HAYMAN (HAYMOND), Peter (by 1500-53/54), of Sellinge, Kent.

Published in The History of Parliament: the House of Commons 1509-1558, ed. S.T. Bindoff, 1982
Available from Boydell and Brewer



Family and Education

b. by 1500. m. (1) Elizabeth, da. and h. of Richard Till, 2s. 6da.; (2) Mary, da. and coh. of William Tyrrell of Beeches in Rawreth, Essex, 3da.2

Offices Held

Servant of Thomas Cranmer, abp. of Canterbury by 1544; commr. sewers, Kent 1539-47, relief 1550; j.p. 1547.3


Peter Hayman was a servant of Archbishop Cranmer. In 1544 he and Thomas Hales were instructed by Cranmer to act speedily in the collection of the tenths and subsidy money due from the clergy of the diocese; in June 1545 Hayman was imprisoned for a few days for a matter of £40 still owing, and was only with difficulty saved from the Fleet. In 1549, as Cranmer’s surveyor, he was made responsible for the orderly demolition of a redundant church in Romney. The archbishop had recently given up to the King the lands in Romney formerly held by his see, but he probably retained enough influence there to procure Hayman’s election to Parliament. From his seat in the Lords Cranmer may have assisted the bill for the re-edifying of houses in Romney marsh which was passed unanimously in the Upper House on 12 Mar. 1549, but if Hayman was expected to do the same in the Commons the result was disappointing, for after being given a first reading the bill was lost through the prorogation. In the same session Hayman was one of a number of Kent landowners who obtained a private Act (2 and 3 Edw. VI, no.40) freeing their lands from the disadvantages of gavelkind tenure.4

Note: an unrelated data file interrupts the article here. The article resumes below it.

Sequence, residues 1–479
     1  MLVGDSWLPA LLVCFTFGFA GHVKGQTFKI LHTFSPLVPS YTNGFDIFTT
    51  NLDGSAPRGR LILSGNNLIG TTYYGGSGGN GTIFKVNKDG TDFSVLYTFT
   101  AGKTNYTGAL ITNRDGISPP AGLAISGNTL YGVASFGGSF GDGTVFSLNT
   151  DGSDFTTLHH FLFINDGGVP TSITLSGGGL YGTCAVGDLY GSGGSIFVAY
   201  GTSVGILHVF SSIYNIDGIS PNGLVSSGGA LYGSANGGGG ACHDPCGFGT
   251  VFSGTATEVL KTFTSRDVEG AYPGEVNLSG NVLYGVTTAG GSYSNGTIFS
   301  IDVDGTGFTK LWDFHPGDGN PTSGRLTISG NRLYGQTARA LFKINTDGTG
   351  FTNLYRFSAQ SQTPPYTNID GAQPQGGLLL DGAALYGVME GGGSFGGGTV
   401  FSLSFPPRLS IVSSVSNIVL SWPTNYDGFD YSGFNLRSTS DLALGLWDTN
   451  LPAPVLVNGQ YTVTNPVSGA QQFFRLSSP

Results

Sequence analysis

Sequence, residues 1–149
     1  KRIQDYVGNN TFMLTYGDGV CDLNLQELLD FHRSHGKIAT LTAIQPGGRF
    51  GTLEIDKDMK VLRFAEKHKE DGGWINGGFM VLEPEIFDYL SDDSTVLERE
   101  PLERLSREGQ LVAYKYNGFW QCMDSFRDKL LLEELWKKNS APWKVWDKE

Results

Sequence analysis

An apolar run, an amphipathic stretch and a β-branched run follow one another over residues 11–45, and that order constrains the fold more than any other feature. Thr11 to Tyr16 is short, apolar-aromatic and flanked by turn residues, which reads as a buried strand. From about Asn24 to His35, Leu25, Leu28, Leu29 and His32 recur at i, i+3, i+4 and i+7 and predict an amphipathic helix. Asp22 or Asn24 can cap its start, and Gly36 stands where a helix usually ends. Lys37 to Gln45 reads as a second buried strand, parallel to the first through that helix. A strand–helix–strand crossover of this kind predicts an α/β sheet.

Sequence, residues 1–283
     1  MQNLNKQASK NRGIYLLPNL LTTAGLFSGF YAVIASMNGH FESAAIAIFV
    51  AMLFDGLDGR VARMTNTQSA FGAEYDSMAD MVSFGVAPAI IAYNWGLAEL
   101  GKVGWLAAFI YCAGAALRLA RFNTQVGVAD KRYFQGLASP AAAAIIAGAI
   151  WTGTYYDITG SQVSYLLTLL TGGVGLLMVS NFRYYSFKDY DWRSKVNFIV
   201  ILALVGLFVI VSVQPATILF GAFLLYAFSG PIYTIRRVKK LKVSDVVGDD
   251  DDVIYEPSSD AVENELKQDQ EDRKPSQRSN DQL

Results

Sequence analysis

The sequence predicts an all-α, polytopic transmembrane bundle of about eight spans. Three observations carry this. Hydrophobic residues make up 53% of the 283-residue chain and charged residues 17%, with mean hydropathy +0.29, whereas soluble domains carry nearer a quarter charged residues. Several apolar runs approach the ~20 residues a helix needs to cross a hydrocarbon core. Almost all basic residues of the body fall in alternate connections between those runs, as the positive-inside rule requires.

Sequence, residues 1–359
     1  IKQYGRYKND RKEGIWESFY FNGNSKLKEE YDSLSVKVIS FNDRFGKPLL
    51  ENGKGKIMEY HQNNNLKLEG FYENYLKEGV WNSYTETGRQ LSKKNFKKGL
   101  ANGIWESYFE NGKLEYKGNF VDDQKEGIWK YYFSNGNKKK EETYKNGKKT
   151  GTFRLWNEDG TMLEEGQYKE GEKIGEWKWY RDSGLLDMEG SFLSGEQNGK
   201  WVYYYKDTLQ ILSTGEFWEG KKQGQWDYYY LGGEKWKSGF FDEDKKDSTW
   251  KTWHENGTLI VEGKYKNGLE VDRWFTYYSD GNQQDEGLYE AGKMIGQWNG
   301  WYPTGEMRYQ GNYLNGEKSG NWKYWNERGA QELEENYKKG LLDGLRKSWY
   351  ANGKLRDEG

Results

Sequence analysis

Hayman had a considerable estate in Kent but also a large family to provide for; when he made his will on 20 May 1553 he mentioned two sons and eight daughters, and another daughter was yet to be born. He appointed as executors his sons Ralph and William, his son-in-law William Hammond and Edward and Thomas Hales. The date of Hayman’s death is a matter of approximation and surmise. On 1 Dec. 1553 he sued out a general pardon, being described as of Sellinge, Kent, and styled esquire alias gentleman, a conjunction suggestive of a legal attainment of which no other indication has been found. Unless he was already a dying man, the dropping of his name from a commission of sewers issued a week later for the area between Appledore and Gravesend looks like a consequence of his attachment to the archbishop, now in disgrace, and perhaps also of his connexion with Cranmer’s ex-chaplain John Ponet, who had married his daughter and was now in exile. Three months later his name was absent from the new commission of the peace for Kent: by that time he may have been dead or he may have lived long enough to suffer a further deprivation. Evidence of his death is forthcoming only on 12 Oct. 1554, the day on which his will was proved.5

Ref Volumes: 1509-1558

Author: Helen Miller


  • 1. Hatfield 207.
  • 2. Date of birth estimated from first reference, 1521, LP Hen. VIII, iii. Vis. Kent (Harl. Soc. lxxiv), 63; C1/943/32-37; W. D. Belcher, Kentish Brasses, ii. 1.
  • 3. LP Hen. VIII, xiv, xvi, xix, xx; CPR, 1547-8, pp. 79, 85; 1553, pp. 355, 401.
  • 4. LP Hen. VIII, xv, xix, xx; Arch. Cant. xx. 156; W. Lambarde, Perambulation of Kent (1826), 533.
  • 5. PCC 10 More; CPR, 1553-4, p. 456; Coll. Top. et Gen. iv. 91.